Europe: Belgium’s most significant airline Brussels Airlines, has confirmed that it will be cancelling 148 flights to and from European destinations this summer in a move to calm the employees who threatened a three-day strike during its busiest period.
The cancellations aim to reduce the workload on staff. Pilots and cabin crew previously spoke out against the demanding work conditions and called for staff well-being to be guaranteed and compliance with collective labour agreements.
Moreover, Maaike Andries, the spokesperson for Brussels Airlines, “Going from an unusually quiet two years to a full summer schedule will bring a heavy workload for all our staff and across the industry.”
She further added that the company regretted that no agreement was reached during the talks.
“Our staff have indicated that they are concerned that the workload is too high in these exceptional circumstances. We have listened and taken action to ease the workload.”
Along with this, the company hopes that by cancelling 148 flights (74 return flights to and from European destinations), however, it is expected to have an impact on less than one percent of the passengers, and “sufficient alternatives will be made available,” which will be communicated to passengers on Thursday.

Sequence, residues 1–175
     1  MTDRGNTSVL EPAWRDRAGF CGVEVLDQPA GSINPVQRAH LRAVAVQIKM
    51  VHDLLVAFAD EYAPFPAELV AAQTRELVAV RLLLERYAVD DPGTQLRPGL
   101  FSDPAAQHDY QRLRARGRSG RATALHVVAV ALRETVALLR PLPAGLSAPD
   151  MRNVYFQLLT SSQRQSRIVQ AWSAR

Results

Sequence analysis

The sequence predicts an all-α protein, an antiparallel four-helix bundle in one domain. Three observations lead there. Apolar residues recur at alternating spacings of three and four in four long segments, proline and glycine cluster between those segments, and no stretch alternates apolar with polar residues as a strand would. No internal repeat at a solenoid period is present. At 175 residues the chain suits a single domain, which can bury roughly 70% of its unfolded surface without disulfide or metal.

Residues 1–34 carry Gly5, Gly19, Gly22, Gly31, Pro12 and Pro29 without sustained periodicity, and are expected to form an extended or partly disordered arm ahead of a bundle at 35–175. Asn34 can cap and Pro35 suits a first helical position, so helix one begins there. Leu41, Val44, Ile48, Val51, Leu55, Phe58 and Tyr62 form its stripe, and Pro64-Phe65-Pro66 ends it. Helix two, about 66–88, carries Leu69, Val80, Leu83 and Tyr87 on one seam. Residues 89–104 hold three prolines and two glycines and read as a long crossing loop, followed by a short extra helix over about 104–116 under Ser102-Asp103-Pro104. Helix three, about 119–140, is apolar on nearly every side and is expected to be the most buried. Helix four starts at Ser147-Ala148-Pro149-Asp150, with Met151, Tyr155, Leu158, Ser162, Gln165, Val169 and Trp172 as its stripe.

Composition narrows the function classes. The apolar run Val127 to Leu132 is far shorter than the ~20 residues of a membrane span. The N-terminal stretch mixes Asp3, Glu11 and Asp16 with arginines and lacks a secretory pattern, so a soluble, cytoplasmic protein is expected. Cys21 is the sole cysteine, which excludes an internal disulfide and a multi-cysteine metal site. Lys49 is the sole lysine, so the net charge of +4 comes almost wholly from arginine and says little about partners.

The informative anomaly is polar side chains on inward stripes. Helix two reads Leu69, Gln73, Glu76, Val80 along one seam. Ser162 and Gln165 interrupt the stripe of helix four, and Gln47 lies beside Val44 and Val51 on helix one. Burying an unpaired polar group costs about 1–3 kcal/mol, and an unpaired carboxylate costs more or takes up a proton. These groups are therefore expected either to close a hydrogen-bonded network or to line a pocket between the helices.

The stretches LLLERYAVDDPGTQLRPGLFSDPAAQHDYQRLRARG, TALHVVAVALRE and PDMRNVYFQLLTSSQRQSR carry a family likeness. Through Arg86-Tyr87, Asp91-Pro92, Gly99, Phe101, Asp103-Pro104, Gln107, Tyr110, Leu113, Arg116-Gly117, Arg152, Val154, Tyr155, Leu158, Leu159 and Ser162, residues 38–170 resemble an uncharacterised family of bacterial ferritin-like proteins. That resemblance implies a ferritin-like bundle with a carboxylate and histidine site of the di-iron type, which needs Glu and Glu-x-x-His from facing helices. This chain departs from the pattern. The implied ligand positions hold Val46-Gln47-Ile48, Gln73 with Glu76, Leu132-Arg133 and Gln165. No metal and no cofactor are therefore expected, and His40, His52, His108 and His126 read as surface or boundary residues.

“If the customer is not satisfied with the proposed alternative, we will look at other solutions together. Finally, if no solution is found, the passenger can always request a refund.”
The company has also increased its recruitment drive, resulting in 225 additional cabin crew members being taken on board to decrease the workload.
Andries added that the company hopes the discussions with the social partners can still be continued “in order to find effective solutions for the upcoming summer.”
In addition, “A strike at the beginning of the summer would come at the worst possible time for our passengers, our colleagues, and our company which is still trying to climb out of the red every day.”
Furthermore, the airline’s pilots and cabin crew went on strike last year at the end of December. At the time, unions argued that staff were not getting the rest they required and criticised the lack of respect from management.